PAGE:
When I really started writing and posting my stuff for others to read, I decided to use them as my pen name. Hence, Abby Craig was born.

I thought it was quite clever, really. However, my daughter wasn’t all that impressed. And truthfully, it’s become quite difficult to maintain two identities.  Not sure how Samuel Clemens did it.


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Posted by on February 2, 2017 in christian


Does this make me official?

When I walked away from my nutrition job of 13 years back in October, I had no idea what I would be doing next. I just knew God had closed one door and would be opening another. The possibility of devoting more time to writing teased me, but I didn’t want to rush God’s plan. I’ve done that too many times and regretted not waiting for His answer.

I had tentative plans (as in dreams) to turn our spare bedroom into an office, creating a sanctuary that I could use to devote to writing. It’s been almost four months now and that bedroom is still a bedroom. This transition is moving much S L O W E R than I anticipated.

However, despite the other immediate things I’ve been called to do, I’ve still been given small windows to focus on writing – whether it’s writing my novels for WattPad, trying my hand at creating blog posts for other people, or taking online courses for things like SEO Optimization (I need a new bottle of Advil) or learning how to format for E-publishing (much more interesting but lengthy in details).

I would like to make this a profitable endeavor because I don’t want my husband to be the only one contributing to our family. However, I knew going in it would be a long process, building my skills and resume from the bottom of the field. Getting paid for my writing would take time – lots of it.

However, I was SO excited to log in to the Blog Mutt site today and find that I sold my first blog post!


Funny, because the topic dealt with creating a trust to protect assets of medical practitioners. Finance is not my expertise and it took quite a bit of research to understand what a trust is before I could tell someone else why they needed one.

I gained some research skills that day, exercised my brain cells by learning something new, AND managed to earn a few bucks doing it! It’s not a lot, but it’s a start and I hope I can keep the ball rolling!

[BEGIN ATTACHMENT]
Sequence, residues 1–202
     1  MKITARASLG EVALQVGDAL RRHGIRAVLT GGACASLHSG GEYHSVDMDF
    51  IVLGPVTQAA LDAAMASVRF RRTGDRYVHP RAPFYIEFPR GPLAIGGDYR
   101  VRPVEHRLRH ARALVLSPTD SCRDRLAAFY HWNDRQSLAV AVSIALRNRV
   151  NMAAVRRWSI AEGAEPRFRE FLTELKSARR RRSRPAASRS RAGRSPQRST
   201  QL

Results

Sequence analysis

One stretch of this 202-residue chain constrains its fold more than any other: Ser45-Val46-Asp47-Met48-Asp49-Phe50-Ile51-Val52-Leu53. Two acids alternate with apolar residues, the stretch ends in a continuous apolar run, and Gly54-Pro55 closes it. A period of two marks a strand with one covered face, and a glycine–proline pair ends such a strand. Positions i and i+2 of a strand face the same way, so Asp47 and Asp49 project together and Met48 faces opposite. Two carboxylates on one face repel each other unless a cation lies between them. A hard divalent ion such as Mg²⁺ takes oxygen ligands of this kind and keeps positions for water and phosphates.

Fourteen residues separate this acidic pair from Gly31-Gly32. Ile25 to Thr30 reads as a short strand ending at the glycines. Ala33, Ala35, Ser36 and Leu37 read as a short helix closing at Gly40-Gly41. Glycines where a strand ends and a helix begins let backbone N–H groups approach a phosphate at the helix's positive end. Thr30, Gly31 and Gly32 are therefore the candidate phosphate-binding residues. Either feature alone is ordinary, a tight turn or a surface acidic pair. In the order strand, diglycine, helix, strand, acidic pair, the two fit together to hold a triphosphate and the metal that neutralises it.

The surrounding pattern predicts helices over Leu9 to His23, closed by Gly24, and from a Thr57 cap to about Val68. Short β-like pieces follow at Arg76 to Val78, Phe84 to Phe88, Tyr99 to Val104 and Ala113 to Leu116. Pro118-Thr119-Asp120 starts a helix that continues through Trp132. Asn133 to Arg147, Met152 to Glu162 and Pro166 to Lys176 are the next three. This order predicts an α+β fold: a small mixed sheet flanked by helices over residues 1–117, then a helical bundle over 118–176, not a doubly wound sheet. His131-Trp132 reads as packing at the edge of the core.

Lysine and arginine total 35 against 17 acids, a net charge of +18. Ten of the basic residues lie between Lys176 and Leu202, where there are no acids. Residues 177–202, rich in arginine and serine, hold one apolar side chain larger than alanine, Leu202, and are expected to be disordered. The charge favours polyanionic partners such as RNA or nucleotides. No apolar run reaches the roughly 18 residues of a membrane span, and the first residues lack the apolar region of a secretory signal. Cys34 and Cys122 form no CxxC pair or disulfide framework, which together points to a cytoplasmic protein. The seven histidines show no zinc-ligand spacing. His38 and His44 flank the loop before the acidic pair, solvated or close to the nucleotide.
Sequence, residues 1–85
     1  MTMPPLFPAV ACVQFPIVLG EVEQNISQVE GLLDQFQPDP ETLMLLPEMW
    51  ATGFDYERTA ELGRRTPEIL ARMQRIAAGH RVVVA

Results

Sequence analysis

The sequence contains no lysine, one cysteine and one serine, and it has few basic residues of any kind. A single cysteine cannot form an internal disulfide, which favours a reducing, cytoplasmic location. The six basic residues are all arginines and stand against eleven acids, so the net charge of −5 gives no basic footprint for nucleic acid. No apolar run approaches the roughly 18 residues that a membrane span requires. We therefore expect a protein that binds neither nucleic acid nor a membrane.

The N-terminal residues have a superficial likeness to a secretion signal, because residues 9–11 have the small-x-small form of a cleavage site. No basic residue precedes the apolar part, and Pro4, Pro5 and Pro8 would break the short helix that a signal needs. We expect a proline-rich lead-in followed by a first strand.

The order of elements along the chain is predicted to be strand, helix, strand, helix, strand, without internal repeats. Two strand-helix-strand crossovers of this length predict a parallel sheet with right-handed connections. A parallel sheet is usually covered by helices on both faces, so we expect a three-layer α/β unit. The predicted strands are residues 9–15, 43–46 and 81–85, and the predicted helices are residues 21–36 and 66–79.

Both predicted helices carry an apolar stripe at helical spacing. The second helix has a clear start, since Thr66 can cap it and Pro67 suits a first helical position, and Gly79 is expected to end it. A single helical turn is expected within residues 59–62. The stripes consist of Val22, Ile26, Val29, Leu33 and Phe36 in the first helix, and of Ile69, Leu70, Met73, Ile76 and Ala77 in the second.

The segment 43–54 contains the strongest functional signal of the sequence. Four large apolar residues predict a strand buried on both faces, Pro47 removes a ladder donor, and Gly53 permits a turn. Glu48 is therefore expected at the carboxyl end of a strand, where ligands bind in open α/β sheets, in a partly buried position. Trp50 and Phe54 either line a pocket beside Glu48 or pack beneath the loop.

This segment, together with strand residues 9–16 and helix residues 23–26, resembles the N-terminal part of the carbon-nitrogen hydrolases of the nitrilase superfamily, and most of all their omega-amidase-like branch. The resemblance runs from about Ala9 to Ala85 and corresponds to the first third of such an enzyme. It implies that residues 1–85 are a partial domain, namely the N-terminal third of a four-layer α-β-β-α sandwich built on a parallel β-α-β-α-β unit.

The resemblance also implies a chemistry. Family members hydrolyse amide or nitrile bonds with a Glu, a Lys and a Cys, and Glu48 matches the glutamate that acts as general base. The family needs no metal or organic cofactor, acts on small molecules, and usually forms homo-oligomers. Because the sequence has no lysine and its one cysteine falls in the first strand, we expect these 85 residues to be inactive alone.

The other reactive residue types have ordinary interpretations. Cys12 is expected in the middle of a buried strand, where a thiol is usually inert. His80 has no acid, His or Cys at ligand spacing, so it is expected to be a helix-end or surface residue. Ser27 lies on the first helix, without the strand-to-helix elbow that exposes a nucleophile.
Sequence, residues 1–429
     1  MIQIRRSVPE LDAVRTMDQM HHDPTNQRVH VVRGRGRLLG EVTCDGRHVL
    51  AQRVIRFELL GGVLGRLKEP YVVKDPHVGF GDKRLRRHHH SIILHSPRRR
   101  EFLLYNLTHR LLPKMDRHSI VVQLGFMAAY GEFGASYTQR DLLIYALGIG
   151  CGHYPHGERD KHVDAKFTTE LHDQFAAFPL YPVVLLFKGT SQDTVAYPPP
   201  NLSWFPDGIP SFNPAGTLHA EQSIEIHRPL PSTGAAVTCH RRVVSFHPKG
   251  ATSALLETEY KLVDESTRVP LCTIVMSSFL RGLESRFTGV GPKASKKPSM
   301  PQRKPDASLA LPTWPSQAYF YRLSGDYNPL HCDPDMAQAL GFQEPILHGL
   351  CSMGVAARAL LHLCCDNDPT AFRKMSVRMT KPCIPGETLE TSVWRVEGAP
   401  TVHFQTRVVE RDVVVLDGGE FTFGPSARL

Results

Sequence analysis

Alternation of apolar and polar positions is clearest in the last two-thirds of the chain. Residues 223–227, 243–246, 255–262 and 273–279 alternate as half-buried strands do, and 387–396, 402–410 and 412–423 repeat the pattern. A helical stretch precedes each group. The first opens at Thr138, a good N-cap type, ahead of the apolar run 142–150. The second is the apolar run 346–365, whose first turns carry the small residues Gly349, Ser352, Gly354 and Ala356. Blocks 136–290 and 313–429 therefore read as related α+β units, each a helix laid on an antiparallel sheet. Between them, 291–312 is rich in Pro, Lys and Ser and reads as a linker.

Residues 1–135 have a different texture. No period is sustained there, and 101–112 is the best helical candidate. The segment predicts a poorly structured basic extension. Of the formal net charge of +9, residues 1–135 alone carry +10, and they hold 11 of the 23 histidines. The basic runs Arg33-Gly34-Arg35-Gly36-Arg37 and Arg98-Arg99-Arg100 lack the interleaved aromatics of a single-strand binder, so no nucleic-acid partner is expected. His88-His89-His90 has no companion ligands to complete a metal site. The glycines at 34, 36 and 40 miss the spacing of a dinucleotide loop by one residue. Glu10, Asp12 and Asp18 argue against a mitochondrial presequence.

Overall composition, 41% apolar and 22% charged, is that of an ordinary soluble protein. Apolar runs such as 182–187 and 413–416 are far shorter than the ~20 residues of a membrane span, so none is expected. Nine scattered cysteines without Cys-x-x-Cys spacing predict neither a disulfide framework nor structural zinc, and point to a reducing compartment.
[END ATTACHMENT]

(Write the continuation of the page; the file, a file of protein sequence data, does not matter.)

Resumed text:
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Posted by on January 26, 2017 in christian


I’m so excited!  Excited and surprised!  This is my first writing challenge entry on the Faith Writers website in 2.5 years.  I had hoped to amass enough samples that I could use them as part of a writing resume. Earning a ribbon wasn’t my goal. . . . .


But it sure feels good!  I had hoped to place, as that would look even better on a resume, but 1st Place? Wow!

In case anyone would like to read the actual article, I’ve posted it below:


I will never be awarded Mother of the Year. In fact, I’m positive I wouldn’t even get Mother of the Hour. Most days, the best I could hope for is Mother who Made It Through the Day Without Losing Her Mind.

When I envisioned becoming a mother, I never anticipated how hard, dirty, and heartbreaking it would be. My husband and I shared four years of marriage before we started talking about children. At the time all I could think about was how wonderful it would be to have this little blank slate that I could introduce to the world, molding and shaping and nurturing it, allowing it to grow into the person God created it to be.

Then I had kids.

The reality of raising children is the antonym of my visions. Kids are not born blank slates. God fills them up with their own personalities. They’ve got their quirks, their own likes and dislikes, and their own style of communicating.

Forget the flowery images of introducing the world to an eager, attentive little creature who hangs on my every word. Instead, I feel as though I’ve been given barbarians that I have to tame before it’s time to release them into the world.